Modern fish finders are full of incredible technology. When shopping around for a new fish finder, you might notice that a lot of them have CHIRP sonar. What does this mean? Will your fish finder suddenly start making bird sounds? Is it a dual fish/bird finder?
Nothing of the sort, but I applaud your imagination. CHIRP is actually a military technology that recently became available to consumers - much in the same way that sonar itself started as military tech.
CHIRP stands for Compressed High-Intensity Radiated Pulse - a pretty cute acronym in our opinion. To understand how CHIRP works, you first have to understand how regular sonar works.
With traditional sonar, a single pulse - or ping - is emitted. That ping will be at a particular frequency - say 200 kHz. It bounces off of objects, and your transducer listens for the ping to return - when it does, it interprets the changes in the sound wave to create an image of what’s happening underwater.
CHIRP works in a similar way, but the pulse it emits is much longer. What’s more, the pulse is also emitted at varying frequencies - the pulse might start at 130 kHz, then increase all the way up to 200 kHz before it ends.
There are some significant upsides to using CHIRP sonar. First, you’ll get better target separation because there’s more information coming back to your transducer. There’s also more diverse information returning to the transducer because it gets to compare the changes from the low-end of the pulse to the high-end of the pulse.
CHIRP also reduces noise, so you’ll be less likely to target fish that aren’t actually there.
Much like traditional sonar, the frequencies you’ll want to use with your CHIRP sonar will depend on how you’re fishing. When you’re looking for fish in the deepest depths, you’ll opt for a very low frequency in order to get as much depth penetration as possible. When you’re fishing in shallower waters, on the other hand, you’ll want a higher frequency for better targeting.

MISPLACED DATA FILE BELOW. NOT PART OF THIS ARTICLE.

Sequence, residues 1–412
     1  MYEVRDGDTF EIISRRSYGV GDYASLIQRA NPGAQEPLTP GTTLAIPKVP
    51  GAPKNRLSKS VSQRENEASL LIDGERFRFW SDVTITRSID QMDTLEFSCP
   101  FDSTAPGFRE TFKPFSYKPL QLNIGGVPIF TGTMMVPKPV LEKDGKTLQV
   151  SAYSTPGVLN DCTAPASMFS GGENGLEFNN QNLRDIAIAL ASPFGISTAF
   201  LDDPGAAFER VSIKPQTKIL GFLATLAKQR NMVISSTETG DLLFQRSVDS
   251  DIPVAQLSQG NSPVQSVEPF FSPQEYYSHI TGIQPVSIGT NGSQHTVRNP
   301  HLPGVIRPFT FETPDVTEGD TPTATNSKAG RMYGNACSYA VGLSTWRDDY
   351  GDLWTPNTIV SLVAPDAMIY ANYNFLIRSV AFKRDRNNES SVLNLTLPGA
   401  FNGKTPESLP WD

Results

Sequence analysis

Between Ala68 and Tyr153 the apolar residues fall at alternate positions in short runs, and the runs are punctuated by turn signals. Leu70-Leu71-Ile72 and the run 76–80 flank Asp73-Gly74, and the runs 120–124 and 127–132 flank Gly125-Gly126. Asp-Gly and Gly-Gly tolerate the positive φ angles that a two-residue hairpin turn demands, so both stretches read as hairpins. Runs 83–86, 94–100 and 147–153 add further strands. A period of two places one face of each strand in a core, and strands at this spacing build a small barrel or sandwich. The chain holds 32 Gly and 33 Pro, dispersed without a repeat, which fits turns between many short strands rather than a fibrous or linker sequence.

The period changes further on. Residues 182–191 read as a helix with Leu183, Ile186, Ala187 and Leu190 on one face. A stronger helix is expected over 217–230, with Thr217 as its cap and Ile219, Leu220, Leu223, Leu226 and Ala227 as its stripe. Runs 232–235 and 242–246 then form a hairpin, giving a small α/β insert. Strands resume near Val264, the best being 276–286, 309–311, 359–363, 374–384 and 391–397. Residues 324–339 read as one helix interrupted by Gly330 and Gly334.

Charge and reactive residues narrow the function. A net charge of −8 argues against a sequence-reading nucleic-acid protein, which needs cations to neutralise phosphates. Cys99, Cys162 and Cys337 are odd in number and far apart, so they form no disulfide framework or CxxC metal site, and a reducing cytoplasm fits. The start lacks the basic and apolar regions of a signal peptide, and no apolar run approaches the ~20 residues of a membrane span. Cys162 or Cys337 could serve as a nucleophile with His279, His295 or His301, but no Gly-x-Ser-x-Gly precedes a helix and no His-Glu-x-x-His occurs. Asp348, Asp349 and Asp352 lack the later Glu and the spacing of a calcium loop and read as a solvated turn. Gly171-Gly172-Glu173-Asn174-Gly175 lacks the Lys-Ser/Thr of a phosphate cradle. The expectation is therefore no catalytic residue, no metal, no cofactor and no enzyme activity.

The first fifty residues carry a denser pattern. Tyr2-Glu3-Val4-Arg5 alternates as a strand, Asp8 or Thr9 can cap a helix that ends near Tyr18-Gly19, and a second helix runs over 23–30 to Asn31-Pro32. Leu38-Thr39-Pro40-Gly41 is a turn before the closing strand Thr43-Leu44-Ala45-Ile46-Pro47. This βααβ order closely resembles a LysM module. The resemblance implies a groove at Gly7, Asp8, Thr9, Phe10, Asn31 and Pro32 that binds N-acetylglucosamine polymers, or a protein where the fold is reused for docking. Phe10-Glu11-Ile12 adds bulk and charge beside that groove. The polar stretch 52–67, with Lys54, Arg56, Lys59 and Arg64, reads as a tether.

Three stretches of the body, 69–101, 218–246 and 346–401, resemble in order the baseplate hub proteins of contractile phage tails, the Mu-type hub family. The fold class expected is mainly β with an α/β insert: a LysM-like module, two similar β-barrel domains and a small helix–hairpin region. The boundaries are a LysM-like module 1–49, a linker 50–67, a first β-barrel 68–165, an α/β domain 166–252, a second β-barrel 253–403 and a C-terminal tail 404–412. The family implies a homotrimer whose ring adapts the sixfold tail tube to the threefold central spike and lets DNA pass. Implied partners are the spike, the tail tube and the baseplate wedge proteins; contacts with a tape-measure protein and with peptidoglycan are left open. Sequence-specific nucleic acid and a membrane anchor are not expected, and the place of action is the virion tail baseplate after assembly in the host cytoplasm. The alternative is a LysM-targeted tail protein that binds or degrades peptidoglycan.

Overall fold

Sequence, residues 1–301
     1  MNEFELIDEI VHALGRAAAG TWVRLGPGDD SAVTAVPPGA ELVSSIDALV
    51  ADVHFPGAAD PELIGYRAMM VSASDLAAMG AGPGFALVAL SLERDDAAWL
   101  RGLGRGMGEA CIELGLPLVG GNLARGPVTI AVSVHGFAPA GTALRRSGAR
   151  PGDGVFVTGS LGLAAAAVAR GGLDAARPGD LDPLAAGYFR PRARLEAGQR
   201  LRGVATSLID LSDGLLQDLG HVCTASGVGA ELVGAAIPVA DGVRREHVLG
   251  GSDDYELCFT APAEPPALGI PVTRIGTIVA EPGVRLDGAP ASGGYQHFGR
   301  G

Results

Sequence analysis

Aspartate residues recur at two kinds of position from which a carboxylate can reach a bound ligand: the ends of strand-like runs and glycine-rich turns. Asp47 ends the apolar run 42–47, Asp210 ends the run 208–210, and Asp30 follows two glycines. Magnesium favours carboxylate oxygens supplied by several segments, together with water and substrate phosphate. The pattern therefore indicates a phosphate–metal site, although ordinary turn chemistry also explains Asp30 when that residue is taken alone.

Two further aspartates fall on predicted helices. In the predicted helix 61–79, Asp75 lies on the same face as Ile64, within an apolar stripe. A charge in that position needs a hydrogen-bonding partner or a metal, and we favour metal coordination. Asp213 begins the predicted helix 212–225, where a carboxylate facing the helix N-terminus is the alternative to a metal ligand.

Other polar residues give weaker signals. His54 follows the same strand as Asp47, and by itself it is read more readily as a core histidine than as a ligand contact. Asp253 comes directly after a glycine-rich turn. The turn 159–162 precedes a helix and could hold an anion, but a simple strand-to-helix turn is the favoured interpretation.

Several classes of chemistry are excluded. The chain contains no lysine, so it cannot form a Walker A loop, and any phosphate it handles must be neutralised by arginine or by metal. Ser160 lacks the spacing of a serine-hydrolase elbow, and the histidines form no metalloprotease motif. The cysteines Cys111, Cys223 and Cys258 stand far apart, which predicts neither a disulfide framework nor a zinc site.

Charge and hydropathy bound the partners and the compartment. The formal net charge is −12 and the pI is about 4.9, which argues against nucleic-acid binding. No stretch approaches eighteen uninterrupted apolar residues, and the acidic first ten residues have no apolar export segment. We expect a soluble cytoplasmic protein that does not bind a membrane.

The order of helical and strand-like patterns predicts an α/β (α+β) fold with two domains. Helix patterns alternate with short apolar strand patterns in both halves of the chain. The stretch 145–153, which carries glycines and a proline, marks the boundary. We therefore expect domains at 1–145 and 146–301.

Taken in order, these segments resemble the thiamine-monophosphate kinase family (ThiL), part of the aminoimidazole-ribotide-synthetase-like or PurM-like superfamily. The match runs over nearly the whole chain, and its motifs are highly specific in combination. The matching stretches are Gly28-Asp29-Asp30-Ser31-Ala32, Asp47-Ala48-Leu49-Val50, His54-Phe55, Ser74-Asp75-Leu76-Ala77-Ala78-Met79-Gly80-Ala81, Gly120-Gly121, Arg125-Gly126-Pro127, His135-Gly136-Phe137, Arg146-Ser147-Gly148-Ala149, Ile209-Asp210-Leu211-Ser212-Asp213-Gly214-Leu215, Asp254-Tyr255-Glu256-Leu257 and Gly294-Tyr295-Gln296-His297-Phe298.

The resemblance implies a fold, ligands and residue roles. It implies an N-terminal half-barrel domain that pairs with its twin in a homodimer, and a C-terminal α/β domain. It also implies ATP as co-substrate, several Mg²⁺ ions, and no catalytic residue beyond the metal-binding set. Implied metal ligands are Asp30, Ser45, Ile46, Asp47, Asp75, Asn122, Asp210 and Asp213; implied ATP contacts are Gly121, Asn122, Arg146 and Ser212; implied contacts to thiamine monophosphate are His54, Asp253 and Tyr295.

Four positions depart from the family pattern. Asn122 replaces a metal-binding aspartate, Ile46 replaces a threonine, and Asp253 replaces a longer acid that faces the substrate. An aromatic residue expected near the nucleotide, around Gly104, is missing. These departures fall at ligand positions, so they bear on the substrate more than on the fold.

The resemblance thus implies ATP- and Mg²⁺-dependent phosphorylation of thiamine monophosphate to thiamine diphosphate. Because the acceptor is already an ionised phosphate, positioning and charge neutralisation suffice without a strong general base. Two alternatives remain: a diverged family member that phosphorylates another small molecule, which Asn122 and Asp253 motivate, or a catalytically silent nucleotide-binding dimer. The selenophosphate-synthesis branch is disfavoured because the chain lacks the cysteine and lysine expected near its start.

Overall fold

High-end fish finders will provide you with a lot of different options when it comes to CHIRP frequencies. Humminbird, for example, uses a Dual Spectrum CHIRP system that allows you to choose between narrow and wide coverage, depending on if you’re looking for a spot to fish or you’re settled in and ready to catch.
As of right now, CHIRP frequencies don’t go very high - you won’t see any transducers allowing you to use 1 mHz CHIRP, for example. That said, many CHIRP transducers will also offer traditional sonar modes with much higher frequencies enabled for things like imaging.
With so many different fish finders on the market offering CHIRP, it can be hard to decide what the best one is in your price range. Fortunately, you’re in the right place - we’ve got the best fish finder reviews you’ll find online.
Any questions? Get in touch with us - we love going over fish finder specs. Be sure to read our detailed full reviews first, though - we go deeper than an 80 kHz transducer.